Weaving 101: Cost of Supplies, Equipment Overview, and More

Handwoven Magazine Ask Madelyn

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Hi Madelyn!

I live in an isolated area and have just discovered weaving (my sister-in-law gave me a rigid-heddle loom). I have found many resources online to help me learn to use it, and I have woven two short scarves. I see videos of people weaving on floor looms, however, and really like how that looks and the kinds of weaving they are doing. If I wanted to get a big loom and weave some of these fabrics (towels, scarves, shawls, rugs, etc.) how many other pieces of equipment would I need? What kind of cost would I be looking at and what kind of loom should I get?


Hi Nadine!

There are so many factors that would influence your choices of what to buy that it is hard to answer this question. But it is worth trying since it is a common question coming from onlookers at weaving demonstrations. The first thing I would do in your place is see if there is a weavers’ guild anywhere near you. It would be worth a drive to go to meetings. You will meet weavers who are very interested in helping you get started. Most guilds have beginning study groups, many have looms to loan out, and there are usually guild members who teach. If that isn’t possible, the next best thing to do is to go to one of the weaving schools scattered around the country, one in which you learn basic warping and weaving techniques and where can try out different looms to see which one fits you best. Different looms work well for different types of fabrics. A good rug loom will weave towels, but if you are mostly going to weave towels and scarves, you don’t need a really wide loom such as you’d need for rugs (even small looms take up a lot of space).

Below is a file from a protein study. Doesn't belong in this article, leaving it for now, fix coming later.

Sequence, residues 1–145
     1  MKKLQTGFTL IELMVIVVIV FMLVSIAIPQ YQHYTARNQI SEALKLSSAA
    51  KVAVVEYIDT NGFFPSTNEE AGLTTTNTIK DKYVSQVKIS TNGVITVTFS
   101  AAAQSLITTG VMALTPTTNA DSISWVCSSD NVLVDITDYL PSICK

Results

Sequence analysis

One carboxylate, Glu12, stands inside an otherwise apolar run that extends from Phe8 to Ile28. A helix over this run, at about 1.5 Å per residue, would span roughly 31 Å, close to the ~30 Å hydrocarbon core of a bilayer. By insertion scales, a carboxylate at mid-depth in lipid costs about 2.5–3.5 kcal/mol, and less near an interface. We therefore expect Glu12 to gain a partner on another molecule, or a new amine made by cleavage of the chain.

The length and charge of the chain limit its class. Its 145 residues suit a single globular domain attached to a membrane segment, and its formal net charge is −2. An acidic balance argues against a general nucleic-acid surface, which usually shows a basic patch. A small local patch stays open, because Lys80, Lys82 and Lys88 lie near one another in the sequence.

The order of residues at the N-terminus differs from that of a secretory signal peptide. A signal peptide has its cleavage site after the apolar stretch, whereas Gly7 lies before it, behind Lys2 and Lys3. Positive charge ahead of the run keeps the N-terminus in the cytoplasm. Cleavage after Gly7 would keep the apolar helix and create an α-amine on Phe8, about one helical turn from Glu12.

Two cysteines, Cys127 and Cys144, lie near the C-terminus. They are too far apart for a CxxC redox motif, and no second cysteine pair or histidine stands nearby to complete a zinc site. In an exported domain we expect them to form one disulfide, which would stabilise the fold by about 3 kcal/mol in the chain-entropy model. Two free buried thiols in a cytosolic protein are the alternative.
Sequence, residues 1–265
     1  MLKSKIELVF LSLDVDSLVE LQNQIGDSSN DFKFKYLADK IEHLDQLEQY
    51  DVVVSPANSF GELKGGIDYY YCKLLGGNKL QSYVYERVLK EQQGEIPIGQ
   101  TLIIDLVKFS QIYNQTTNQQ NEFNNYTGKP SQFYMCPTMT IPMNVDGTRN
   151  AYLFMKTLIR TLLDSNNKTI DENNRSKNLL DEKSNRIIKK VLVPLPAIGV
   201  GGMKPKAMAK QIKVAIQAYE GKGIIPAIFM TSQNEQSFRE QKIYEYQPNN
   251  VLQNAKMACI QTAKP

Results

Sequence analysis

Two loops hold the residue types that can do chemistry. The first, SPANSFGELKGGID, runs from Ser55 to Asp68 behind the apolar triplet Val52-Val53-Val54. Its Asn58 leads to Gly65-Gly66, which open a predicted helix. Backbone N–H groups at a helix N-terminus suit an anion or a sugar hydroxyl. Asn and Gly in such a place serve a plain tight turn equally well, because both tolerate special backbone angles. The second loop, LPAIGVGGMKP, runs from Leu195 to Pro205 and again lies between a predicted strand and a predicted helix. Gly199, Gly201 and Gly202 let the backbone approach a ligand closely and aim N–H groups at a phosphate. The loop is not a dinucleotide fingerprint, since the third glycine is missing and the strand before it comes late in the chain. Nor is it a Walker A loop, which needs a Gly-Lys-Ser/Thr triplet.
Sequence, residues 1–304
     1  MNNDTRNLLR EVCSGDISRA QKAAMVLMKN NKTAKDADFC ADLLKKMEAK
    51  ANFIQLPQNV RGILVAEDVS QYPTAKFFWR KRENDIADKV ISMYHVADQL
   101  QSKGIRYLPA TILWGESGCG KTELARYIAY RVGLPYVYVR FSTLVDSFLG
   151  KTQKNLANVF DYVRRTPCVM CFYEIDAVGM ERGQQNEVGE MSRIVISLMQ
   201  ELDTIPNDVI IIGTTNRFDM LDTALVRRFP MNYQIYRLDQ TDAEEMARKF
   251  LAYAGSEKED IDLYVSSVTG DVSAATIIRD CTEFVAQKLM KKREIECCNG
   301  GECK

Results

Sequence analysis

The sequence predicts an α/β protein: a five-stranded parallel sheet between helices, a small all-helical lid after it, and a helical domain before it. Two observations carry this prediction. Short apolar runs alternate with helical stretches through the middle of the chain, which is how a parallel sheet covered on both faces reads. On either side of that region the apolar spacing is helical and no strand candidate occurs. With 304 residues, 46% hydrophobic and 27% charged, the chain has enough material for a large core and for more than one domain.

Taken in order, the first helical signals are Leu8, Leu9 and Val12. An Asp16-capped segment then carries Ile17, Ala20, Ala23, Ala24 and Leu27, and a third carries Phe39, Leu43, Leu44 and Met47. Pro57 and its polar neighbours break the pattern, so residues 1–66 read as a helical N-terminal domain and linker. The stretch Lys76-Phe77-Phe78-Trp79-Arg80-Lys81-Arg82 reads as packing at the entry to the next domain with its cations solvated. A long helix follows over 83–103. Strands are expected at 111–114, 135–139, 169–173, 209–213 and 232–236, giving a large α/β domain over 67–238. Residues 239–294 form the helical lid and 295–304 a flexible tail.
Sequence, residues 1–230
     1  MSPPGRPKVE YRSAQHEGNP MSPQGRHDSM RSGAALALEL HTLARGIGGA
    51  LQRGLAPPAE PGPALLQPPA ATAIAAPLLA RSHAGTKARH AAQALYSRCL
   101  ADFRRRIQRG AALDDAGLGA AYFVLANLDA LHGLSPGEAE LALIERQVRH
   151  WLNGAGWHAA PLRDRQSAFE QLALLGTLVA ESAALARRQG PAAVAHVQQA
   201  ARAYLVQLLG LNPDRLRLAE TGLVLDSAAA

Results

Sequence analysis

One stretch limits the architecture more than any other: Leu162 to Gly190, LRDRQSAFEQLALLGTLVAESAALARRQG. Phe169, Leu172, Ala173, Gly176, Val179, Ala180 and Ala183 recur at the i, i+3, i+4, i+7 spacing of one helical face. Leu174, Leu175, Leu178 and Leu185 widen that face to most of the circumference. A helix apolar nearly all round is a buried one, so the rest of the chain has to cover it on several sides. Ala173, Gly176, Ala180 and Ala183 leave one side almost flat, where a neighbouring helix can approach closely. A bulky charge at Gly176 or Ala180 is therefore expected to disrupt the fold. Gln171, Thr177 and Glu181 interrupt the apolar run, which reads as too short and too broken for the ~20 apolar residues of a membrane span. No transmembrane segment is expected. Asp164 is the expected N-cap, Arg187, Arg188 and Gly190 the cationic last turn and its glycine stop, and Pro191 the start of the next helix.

You will find used looms available but it is a good idea to know specifically what make and type of loom you want before you go shopping. When you consider cost, a table loom is much less expensive than a floor loom (and is portable so you can take it on trips), but it does not give the same weaving experience (a truly wonderful rhythm of weaving). A loom with two or four shafts (the frames that take the warp threads up and down) will be less expensive than a loom with eight shafts or more, but there may be many tempting designs that you won’t be able to weave. To make that choice, I usually ask students what fabrics they are most attracted to: soft wool scarves where the yarn is the focus or intricate patterns where the design itself is the focus. For the latter, the more shafts the better. In addition to a loom, you’ll need a warping board, a bobbin winder, and boat shuttles (much easier to use than stick shuttles).

If you do buy a used loom, be sure you weave on it before you buy it, unless you know the loom type well and are sure that it is in good condition.

I think of these items (loom, warping board, bobbin winder, shuttles) as one-time expenses. Their total could be anywhere from under $1,000 to more than $4,000 (even way more), depending on the choices you make. But once you have this equipment, your continued cost will only be yarn. Of course, “only” is a relative term!

I hope you can find a guild or classes near you and get started soon!


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